The Bank of England has raised interest rates to 3% from 2.25%, the biggest jump in 33 years and it has warned the UK that it is facing its longest recession since records began back in the 1920’s – more or less one hundred years ago.
It takes borrowing costs to their highest that they have been since 2008, when the UK banking system faced a very serious prospect of total collapse. The forecast is for the downturn to carry on into next year and continue into the first half of 2024, which very probably will also become a general election year, when there will inevitably be many “false” promises flying around from the competing parties.
It is going to get worse before it gets better
The cost of living is rising at its fastest rate in 40 years, leaving many households facing hardship, and the state of the UK economy means that the country will now face a “very challenging” two-year slump and unemployment will be expected to nearly double, so basically what seems bad right now, is going to become much, much worse, before there is any movement in a positive direction.
Governor explains logic behind increase
Andrew Bailey who is the Governor of the Bank of England, acknowledged that eight rate rises since last December are big changes that would have a real impact on peoples’ lives. However, he believes that by raising interest rates now, it will make it more expensive to borrow and encourage people not to spend money, easing the pressure on prices in the process.
He added that if forceful action wasn’t taken right now, then it would be worse later on, but stressed that: “there is a tough road ahead”. The sharp increase in energy prices resulting from Russia’s invasion of Ukraine has undoubtedly made the country a lot poorer.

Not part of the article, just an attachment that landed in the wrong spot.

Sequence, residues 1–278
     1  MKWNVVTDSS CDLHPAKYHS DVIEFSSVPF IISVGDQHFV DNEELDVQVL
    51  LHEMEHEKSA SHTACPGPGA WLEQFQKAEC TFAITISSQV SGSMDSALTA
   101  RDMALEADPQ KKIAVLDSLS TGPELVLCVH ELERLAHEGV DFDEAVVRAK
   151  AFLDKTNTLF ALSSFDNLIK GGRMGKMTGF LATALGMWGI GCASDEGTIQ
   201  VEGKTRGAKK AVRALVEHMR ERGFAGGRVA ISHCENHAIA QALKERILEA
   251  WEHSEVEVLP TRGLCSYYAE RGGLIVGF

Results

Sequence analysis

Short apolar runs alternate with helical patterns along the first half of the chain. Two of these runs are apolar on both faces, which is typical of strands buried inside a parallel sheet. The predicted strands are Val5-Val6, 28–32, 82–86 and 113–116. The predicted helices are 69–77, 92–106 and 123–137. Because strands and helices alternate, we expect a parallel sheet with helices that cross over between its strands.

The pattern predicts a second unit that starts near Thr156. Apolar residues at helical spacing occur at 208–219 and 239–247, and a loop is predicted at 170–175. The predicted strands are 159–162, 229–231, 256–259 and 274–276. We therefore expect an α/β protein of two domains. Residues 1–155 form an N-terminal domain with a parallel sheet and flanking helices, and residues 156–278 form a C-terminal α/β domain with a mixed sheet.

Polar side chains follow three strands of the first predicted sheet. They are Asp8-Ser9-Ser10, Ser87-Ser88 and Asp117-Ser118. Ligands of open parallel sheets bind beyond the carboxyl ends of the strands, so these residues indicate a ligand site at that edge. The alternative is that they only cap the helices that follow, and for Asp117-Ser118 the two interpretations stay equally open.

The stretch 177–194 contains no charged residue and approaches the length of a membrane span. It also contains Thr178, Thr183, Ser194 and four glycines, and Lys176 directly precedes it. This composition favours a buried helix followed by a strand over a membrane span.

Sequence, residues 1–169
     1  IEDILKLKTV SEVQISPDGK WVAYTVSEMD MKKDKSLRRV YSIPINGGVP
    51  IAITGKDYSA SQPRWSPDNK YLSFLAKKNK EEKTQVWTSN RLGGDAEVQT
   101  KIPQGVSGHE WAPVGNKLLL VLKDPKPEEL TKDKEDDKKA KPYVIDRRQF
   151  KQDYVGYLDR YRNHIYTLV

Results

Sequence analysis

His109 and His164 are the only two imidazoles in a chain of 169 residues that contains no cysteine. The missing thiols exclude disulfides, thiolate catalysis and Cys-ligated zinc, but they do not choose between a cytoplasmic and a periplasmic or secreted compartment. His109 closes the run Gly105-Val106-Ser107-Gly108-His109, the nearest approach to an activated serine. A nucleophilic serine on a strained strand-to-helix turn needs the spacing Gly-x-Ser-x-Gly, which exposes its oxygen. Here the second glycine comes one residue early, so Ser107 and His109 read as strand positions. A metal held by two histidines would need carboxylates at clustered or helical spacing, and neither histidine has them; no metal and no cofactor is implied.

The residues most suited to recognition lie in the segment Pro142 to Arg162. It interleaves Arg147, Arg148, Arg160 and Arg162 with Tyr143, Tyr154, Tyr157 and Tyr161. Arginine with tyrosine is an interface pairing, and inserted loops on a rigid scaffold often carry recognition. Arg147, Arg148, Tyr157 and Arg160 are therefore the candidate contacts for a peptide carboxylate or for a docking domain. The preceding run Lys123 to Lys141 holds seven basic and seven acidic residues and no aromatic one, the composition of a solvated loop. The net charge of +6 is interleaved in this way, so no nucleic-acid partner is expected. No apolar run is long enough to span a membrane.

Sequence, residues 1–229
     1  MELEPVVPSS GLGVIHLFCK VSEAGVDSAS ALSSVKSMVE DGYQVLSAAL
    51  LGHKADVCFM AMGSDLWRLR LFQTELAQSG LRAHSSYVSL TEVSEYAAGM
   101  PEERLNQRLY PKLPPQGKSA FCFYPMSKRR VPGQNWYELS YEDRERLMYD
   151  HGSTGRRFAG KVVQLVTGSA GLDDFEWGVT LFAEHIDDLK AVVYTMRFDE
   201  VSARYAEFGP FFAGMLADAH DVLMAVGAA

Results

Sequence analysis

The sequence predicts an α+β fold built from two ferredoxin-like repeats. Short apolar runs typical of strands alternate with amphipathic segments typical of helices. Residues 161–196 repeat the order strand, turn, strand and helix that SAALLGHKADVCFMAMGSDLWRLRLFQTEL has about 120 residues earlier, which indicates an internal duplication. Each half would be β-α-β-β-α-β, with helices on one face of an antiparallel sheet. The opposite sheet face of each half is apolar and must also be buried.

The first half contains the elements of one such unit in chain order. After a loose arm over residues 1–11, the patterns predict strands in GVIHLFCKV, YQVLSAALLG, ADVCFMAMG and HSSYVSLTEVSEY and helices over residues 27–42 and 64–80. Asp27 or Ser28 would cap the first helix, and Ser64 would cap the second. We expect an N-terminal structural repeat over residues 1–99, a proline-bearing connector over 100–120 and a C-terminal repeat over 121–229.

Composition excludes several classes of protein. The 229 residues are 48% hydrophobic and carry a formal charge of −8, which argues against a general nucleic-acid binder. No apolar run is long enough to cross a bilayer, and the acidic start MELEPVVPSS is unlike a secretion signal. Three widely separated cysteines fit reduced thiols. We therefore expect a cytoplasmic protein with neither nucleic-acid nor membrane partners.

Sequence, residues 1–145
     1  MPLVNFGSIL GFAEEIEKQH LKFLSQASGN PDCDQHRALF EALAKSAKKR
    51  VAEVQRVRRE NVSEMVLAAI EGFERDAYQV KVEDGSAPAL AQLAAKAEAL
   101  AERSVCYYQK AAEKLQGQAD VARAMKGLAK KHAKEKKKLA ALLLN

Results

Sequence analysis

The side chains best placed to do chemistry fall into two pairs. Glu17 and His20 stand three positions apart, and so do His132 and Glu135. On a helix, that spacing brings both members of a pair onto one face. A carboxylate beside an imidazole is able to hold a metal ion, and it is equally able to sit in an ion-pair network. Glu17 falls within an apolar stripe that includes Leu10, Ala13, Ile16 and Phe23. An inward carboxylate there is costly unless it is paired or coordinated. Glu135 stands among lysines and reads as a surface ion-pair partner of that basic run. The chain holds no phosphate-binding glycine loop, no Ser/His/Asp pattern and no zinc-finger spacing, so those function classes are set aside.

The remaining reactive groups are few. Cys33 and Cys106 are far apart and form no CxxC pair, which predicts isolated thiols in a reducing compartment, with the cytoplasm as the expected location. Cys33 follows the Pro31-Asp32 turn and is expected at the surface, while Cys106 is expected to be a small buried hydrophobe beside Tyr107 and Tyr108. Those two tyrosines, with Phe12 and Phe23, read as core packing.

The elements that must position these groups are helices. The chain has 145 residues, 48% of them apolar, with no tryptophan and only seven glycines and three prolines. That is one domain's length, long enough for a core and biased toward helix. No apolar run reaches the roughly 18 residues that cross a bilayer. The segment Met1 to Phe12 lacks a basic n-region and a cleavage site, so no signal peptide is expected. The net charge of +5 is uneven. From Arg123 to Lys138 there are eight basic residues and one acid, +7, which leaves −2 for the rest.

Chancellor tries an optimistic tone but it just more of the same
Chancellor Jeremy Hunt said inflation was weighing heavily on families, pensioners and businesses all across the country, and the government’s number one priority was in his words to “grip” it. He pointed out that interest rates are rising across the world as countries manage rising prices largely driven by the Covid-19 pandemic and Putin’s invasion of Ukraine.
He said he felt that the most important thing the British government can do right now is to: “restore stability, sort out our public finances, and get debt falling so that interest rate rises are kept as low as possible.” Easier said than done Mr Hunt, as prices rose by 10.1% in the year to September.
What is the definition of a recession?
A recession is basically defined as when a country’s economy shrinks for two three-month periods – or quarters – in a row. The last time it happened in 2020 it could be blamed on the pandemic and only lasted for six months, this one looks to be likely to continue for at least three times that and possibly longer.
The suffering during a recession is not typically felt equally across society, and that is when inequality can quickly increase, leaving some areas in a very bad way. Those on benefits are especially vulnerable.
Slightly lower peak estimate is a small crumb of comfort
The Bank has actually done something it would not usually do by given guidance that seems to suggest there will be a peak in interest rates of about 4.5% by the time we reach next Autumn, which in actual fact is lower than an earlier estimate from just a month ago, which suggested a possible 6% peak.
Hope for something positive in financial plan
It can only be hoped that the new financial plan due to be released on 17 November by the Chancellor and Prime Minister, Rishi Sunak, will be able to offer something for the UK public to gather some encouragement from, but with tax rises and spending cuts widely expected, that does seem unlikely.